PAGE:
I got an email today from a gal that was finding it difficult to acutally put new things away as she brought them home. It seemed easier to her to just put them in a drawer and worry about them later. For those of you who have joined me for seminars or webinars, or just chatted with me at a show or convention, I’m sure you’ve heard me say – “It’s got to be Easy.” Easy is important, but so is feeling somehow rewarded for a task you’ve accomplished that you weren’t excited to do. Here’s my response to the email:
The discipline of actually putting things away immediately is the hardest part for many people. You need to make it easy on yourself to put the things away. I wouldn’t suggest having empty pages in each section because they may never get filled up. I would suggest using a designated space for empty pages, maybe one of your drawers. Each time you bring home something new, you can go directly to that drawer, grab an empty page, put your supplies into it, pull the correct Spinder off the base unit, put the page in where it belongs, and replace the Spinder.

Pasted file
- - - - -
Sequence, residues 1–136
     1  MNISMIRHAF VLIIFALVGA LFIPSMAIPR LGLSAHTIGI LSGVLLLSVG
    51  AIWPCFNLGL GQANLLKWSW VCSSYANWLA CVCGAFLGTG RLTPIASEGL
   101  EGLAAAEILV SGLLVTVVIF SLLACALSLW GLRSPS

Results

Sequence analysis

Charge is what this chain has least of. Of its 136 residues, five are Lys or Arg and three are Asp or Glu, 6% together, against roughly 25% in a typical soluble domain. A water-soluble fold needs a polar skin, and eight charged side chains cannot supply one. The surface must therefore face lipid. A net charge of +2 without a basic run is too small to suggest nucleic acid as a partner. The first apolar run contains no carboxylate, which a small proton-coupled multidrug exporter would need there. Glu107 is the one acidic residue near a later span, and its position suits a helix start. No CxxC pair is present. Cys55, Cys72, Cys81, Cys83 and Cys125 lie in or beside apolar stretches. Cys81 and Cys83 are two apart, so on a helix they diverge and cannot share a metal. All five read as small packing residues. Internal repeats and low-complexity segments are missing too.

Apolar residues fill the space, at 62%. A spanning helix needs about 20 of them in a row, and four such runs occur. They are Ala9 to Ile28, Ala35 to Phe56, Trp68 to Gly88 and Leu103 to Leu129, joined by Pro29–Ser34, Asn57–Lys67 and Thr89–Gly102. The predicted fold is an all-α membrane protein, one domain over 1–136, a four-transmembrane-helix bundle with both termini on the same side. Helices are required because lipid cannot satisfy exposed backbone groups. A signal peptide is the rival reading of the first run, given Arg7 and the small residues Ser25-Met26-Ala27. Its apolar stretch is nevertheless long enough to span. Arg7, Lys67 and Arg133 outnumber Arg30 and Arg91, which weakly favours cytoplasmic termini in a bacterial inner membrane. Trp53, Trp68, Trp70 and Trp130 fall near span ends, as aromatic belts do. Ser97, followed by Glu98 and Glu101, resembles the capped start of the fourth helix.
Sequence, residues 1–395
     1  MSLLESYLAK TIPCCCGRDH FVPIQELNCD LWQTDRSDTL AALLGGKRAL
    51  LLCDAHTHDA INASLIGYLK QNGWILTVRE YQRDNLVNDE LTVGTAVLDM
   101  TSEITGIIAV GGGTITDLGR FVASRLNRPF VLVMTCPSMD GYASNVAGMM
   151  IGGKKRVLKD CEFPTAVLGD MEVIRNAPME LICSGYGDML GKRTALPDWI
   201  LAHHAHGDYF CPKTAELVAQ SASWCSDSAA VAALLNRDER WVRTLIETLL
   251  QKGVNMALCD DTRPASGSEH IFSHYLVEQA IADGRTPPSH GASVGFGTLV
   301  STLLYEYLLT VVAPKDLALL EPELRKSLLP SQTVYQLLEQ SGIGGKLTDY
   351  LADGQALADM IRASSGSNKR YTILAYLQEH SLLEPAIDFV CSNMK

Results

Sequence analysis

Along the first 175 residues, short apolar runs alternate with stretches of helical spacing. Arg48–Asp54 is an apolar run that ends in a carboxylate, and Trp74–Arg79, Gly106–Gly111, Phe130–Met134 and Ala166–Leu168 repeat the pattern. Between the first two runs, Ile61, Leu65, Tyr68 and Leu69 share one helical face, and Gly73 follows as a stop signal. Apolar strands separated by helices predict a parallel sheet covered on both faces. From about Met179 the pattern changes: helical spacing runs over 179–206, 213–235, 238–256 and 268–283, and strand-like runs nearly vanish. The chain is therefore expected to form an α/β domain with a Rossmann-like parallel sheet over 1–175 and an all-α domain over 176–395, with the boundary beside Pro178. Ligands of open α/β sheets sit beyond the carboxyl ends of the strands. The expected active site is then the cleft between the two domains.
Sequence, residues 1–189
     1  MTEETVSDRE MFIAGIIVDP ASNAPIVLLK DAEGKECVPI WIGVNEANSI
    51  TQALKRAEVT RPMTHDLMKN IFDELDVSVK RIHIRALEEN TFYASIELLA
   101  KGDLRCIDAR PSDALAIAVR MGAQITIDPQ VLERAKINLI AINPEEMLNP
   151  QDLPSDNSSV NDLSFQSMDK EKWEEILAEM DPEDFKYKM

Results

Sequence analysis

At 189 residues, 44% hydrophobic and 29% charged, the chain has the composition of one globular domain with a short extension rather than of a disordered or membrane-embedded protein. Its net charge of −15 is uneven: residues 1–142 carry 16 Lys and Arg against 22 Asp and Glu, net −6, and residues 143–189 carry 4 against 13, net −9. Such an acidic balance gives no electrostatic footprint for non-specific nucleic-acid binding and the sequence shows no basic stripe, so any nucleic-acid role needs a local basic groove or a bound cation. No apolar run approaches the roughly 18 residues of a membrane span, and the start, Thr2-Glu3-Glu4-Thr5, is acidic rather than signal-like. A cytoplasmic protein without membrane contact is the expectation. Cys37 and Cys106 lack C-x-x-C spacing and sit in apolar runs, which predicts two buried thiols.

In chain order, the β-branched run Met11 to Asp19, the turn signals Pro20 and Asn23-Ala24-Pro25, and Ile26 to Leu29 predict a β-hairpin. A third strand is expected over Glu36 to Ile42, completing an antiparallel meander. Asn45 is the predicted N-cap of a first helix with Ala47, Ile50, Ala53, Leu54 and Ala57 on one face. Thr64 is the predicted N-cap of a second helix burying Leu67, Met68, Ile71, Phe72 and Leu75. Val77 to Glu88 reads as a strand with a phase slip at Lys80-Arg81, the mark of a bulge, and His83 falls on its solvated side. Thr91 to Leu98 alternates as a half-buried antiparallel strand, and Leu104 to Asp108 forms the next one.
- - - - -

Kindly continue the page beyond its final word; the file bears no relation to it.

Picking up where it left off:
It will also help if you can find some “joy” or reward in following through with the step of actually putting things away. I know this sounds silly, but sometimes doing something as minor as writing down on your “to-do” list that you are going to “put _____ number of items in your ScrapRack”, then doing it, then getting to cross it off your list, can be really rewarding and motivating. You could even just commit to an amount of time, write on your to-do list – “Spend 10 minutes putting Scrapbook Supplies in my ScrapRack.” There’s something very satisfying about crossing things off, getting that feeling of accomplishment. We often “judge” what is on our list, and only include major things or things we perceive as being “important”, but putting a few truly “do-able” tasks on the list and then crossing them off generally motivates us to take on the more challenging tasks as well.